Trends of search terms from user accounts and topics of their inquiries form the catalyst of research agendas in many IT advisory firms. At Gartner these two factors and others like them are commonly regarded as leading indicators of future IT spending.
Gartner has been delivering short analyses of these subject areas to clients in the form of reports, with the latest being Search Analytics Trends: Platform as a Service published on June 9, 2011. This report covers user search activity from April, 2009 to March, 2011. For purposes of the report, Platform-as-a-Service (PaaS) is defined as cloud application infrastructure services delivered as a service. Gartner makes the point that PaaS includes no traditional software license and is expensed on a metered or utility basis. Presented below is the time series of searches by month from the report.
A few key take-aways emerge from the report, and they are presented below:
- Cloud Middleware Services including Platform-as-a-Service (PaaS) are still unknown to many Gartner IT user clients. As a result this area is seen with skepticism by many of their clients. In studies of PaaS adoption from other analysts at Gartner and Forrester, it is evident that internal software development will make or break the credibility of PaaS initiatives for the long-term.
- When Gartner IT users search for PaaS on the website and throughout online research, the four most common secondary terms are IaaS and SaaS (7.05%), Magic Quadrant (6.12%) and cloud (5.72%). Clearly Gartner IT user clients are looking to define their own technology stack in this area and looking for a framework of reference of where PaaS fits into their own IT plans and architectures. The competitive intensity across the analyst community will most likely go up as a result of the uncertainty many IT buyers have over PaaS.
- The top three vendors that Gartner IT users search for are Microsoft (18%), Amazon (13%) and Tata (11%). Additional vendors include IBM (11%), Salesforce.com (11%), SAP (7%), Google and Oracle (4%).
Bottom line: The key to PaaS adoption in larger enterprises, many of which are IT user clients of Gartner, is how successfully Independent Software Vendors (ISVs) clarify their value proposition and how their apps add value to the platform layer.
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Frank Gens, Senior Vice President & Chief Analyst for IDC, shares insights from his firm’s predictions for 2011 and beyond in the areas of cloud computing, Platform-as-a-Service (PaaS), public and private cloud services.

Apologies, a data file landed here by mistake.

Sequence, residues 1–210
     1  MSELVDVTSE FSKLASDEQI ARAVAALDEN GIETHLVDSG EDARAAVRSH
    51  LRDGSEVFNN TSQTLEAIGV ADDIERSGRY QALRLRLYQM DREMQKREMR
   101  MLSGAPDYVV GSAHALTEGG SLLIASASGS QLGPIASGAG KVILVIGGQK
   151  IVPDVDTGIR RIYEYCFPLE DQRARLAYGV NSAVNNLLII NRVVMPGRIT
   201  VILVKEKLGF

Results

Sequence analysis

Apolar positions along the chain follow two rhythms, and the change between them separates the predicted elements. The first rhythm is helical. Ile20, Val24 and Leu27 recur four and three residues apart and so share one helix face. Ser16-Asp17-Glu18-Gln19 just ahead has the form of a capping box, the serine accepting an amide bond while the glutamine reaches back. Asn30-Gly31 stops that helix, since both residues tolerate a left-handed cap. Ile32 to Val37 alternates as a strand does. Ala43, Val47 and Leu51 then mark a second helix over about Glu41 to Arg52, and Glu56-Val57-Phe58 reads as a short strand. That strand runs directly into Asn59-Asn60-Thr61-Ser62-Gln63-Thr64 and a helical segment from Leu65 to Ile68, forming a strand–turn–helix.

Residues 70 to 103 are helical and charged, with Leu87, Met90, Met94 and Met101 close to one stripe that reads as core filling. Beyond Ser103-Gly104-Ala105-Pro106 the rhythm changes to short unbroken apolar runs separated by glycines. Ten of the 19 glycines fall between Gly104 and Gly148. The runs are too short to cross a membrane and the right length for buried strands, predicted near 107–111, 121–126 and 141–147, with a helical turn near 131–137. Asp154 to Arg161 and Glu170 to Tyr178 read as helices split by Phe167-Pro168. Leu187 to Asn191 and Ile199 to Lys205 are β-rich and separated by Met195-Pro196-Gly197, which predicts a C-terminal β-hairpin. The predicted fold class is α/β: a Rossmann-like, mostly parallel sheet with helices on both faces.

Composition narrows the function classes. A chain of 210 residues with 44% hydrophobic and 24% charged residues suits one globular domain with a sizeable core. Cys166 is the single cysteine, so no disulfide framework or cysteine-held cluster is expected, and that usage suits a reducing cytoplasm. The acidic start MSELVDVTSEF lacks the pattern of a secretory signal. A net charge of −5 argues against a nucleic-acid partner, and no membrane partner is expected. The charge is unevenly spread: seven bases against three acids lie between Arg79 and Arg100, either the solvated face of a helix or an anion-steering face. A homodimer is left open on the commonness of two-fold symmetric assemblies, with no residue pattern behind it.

Here are a few of the many take-aways in this 5 minute video:
- Public cloud services adoption will grow at over five times the rate of the IT industry to $29B in 2011, up 30% from 2010 reaching $55B by 2014. E-mail and collaboration will be the foundation, and entirely new application segments will drive incremental growth.
- Private cloud services will grow to $13B in 2011, growing much faster than public cloud. IDC predicts that Salesforce.com and Google will partner with infrastructure providers to create private cloud appliances of their public cloud offerings.
- 15% of industry revenue and 30% of industry growth will be from public and private cloud services in 2011.
- Cloud management systems and solutions will embrace public and private clouds and will see Accenture, Cisco, CA, IBM, Microsoft, Oracle and others enter this market with enterprise-ready solutions in the next year.
- On-premise applications will go through a transformation of supporting private cloud integration, providing enterprise accounts with the option of migrating to the cloud if they choose to.
- The term “cloud computing” as a buzzword will be gone by 2012, as these technologies are expected to become ubiquitous.
The following is an excellent presentation that explains the core concepts of Microsoft's Cloud Computing strategy. Included is an overview of the Microsoft Windows Azure strategy with explanations and pricing of each component.
Companies who see the potential in their employee’s passion to innovate get out of their way and give them opportunities to get involved in projects they deeply care about. Often exceptional results emerge from these efforts, leading to entirely new businesses. That’s the key take-away of the rule of 20%. For software companies delivering apps on the SaaS platform, the potential for getting immediate customer feedback is turning into an entirely new source of innovation. The speed of customer feedback possible also opens up the potential of giving employees the chance to test new concepts immediately, nurturing innovation in the process.
Having struggled to gain a foothold in the enterprise, Google has this year gone after this market with increased focus and intensity. Part of this increased focus on the enterprise is going to involve exclusive events where CIOs have the chance to interact with industry thought leaders. The first of several events was held Monday of this week at the Googleplex.
Included is an assessment of the integration requirements by Cloud type. At just over 3 minutes it’s an excellent summary of the differences between Cloud Computing platforms and provides a useful context to understand these two concepts.
In this five minute video clip he explains how the nascent growth of the Internet in 1973 parallels the growth of cloud computing today. He calls for cloud computing standards and the equivalent of a “state” engine that would enable applications to more effectively integrate with each other.